He was a strong, hearty-looking fellow, with broad shoulders and ruddyface, the simple expression of which ill-concealed a depth of wit andmirth. He did not seem to be accustomed to a seafaring life, and lookedabout him with the air of a man little used to being on board a ship;however, he assumed the manner of a Jack-tar, looking up at the riggingof the _Dolphin_, and waddling in true sailor fashion.

  When he had reached the Captain, he looked fixedly at him, and said,"Captain James Playfair?"

  "The same," replied the skipper. "What do you want with me?"

  "To join your ship."

  "There is no room; the crew is already complete."

  "Oh, one man, more or less, will not be in the way; quite the contrary."

  "You think so?" said James Playfair, giving a sidelong glance at hisquestioner.

  "I am sure of it," replied the sailor.

  "But who are you?" asked the Captain.

  "A rough sailor, with two strong arms, which, I can tell you, are notto be despised on board a ship, and which I now have the honour ofputting at your service."

  "But there are other ships besides the _Dolphin_, and other captainsbesides James Playfair. Why do you come here?"

  "Because it is on board the _Dolphin_ that I wish to serve, and underthe orders of Captain James Playfair."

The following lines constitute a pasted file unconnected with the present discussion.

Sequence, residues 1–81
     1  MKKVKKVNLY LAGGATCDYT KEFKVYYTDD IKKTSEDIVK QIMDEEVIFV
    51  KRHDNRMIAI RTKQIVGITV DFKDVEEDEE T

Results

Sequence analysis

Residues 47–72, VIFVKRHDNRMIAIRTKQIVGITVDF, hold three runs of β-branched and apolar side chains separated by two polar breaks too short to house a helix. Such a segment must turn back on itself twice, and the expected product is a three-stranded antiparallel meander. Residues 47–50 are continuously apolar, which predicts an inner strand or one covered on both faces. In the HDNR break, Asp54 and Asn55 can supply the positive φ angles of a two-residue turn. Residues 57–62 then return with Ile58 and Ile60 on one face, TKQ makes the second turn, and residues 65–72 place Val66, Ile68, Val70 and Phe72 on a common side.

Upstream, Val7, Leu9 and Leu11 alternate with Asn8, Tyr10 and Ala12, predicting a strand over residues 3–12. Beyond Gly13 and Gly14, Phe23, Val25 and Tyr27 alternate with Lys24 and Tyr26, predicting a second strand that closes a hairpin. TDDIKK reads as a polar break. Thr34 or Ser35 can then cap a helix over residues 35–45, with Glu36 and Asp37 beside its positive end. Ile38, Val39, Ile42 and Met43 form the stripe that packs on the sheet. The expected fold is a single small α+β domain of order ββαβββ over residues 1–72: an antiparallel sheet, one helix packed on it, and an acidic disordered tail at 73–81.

"I do not want you."

  "There is always need of a strong man, and if to prove my strength youwill try me with three or four of the strongest fellows of your crew, Iam ready."

  "That will do," replied James Playfair. "And what is your name?"

  "Crockston, at your service."

  The Captain made a few steps backwards in order to get a better view ofthe giant who presented himself in this odd fashion. The height, thebuild, and the look of the sailor did not deny his pretensions tostrength.

  "Where have you sailed?" asked Playfair of him.

  "A little everywhere."

  "And do you know where the _Dolphin_ is bound for?"

  "Yes; and that is what tempts me."

  "Ah, well! I have no mind to let a fellow of your stamp escape me. Goand find the first mate, and get him to enrol you."

  Having said this, the Captain expected to see the man turn on his heelsand run to the bows, but he was mistaken. Crockston did not stir.

  "Well! did you hear me?" asked the Captain.

  "Yes, but it is not all," replied the sailor. "I have something else toask you."

  "Ah! You are wasting my time," replied James, sharply; "I have not amoment to lose in talking."

  "I shall not keep you long," replied Crockston; "two words more andthat is all; I was going to tell you that I have a nephew."

  "He has a fine uncle, then," interrupted James Playfair.

  "Hah! Hah!" laughed Crockston.